U.S. Stocks Drop

U.S. stocks fell for a second day, led by energy producers and retailers, as oil's decline below $60 a barrel and lower-than-estimated earnings at Starbucks Corp. spurred concern that the economic slump is deepening.

Exxon Mobil Corp. and Chevron Corp. slumped more than 2 percent as oil declined on forecasts of slower demand growth. Starbucks Corp. slid 2.6 percent after the world's biggest chain of coffee shops predicted slowing sales and backed away from expansion plans. Goldman Sachs Group Inc. told clients to sell shares of Prudential Financial Inc., the second-biggest U.S. life insurer, pushing the stock down 12 percent.

The Standard & Poor's 500 Index dropped 2 percent to 900.54 at 9:38 a.m. in New York. The Dow Jones Industrial Average lost 163.76 points, or 1.9 percent, to 8,706.78, while the Nasdaq Composite Index fell 1.6 percent to 1,591.45.

Stocks fell in Europe and Asia, led by financial shares and commodity producers, on a worsening profit outlook and drop in oil and metals prices.

The MSCI World Index lost 1.7 percent to 924.59 at 12:25 p.m. in London, falling for the first time in three days. More than $28 trillion has been erased from the value of global equity markets as credit losses and writedowns topped $920 billion in the worst financial crisis since the Great Depression.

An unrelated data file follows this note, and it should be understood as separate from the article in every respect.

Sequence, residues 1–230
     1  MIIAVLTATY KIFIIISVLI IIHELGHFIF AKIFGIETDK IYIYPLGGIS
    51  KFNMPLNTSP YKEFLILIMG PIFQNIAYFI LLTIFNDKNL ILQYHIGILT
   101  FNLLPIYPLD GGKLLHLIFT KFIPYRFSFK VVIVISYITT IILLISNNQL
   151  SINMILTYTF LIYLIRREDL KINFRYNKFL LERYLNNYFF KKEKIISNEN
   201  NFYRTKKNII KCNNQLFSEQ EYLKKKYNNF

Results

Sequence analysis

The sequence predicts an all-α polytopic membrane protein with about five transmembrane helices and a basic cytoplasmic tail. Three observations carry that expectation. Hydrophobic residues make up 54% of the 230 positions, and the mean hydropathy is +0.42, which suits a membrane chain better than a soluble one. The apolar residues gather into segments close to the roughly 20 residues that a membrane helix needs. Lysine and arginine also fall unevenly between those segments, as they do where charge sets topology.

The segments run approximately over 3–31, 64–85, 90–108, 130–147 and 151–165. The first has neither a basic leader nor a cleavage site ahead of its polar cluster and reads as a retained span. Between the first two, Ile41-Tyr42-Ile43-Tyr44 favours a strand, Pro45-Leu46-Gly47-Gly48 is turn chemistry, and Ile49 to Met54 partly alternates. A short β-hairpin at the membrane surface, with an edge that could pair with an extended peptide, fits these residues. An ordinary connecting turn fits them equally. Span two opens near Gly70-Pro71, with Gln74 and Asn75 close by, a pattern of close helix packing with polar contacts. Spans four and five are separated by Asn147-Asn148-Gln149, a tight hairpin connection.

Europe's Dow Jones Stoxx 600 Index declined 3 percent with Erste Group Bank AG and BHP Billiton Ltd. losing at least 5 percent. The MSCI Asia Pacific Index dropped 3.6 percent as Australian business confidence fell to a record low.

U.K. stocks dropped for the first time in three days after reports showed home sales fell to the lowest in more than 30 years, consumer spending slowed and Morgan Stanley forecast the economy will shrink. The benchmark FTSE 100 Index retreated 124.47, or 2.8 percent, to 4,279.45 at 12:34 p.m. in London.

The MSCI Emerging Markets Index slumped 2.9 percent as stocks in Russia, the world's second-biggest oil producer, sent the Micex down 9.4 percent. The Dubai Financial Market General Index fell 7.3 percent to the lowest in almost four years, led by developers.

China's CSI Index slipped 1.1 percent, as export growth cooled to 19.2 percent in October from a year earlier. That compares with 21.5 percent in September.

TradingEconomics.com, Bloomberg.com
11/11/2008 7:07:53 AM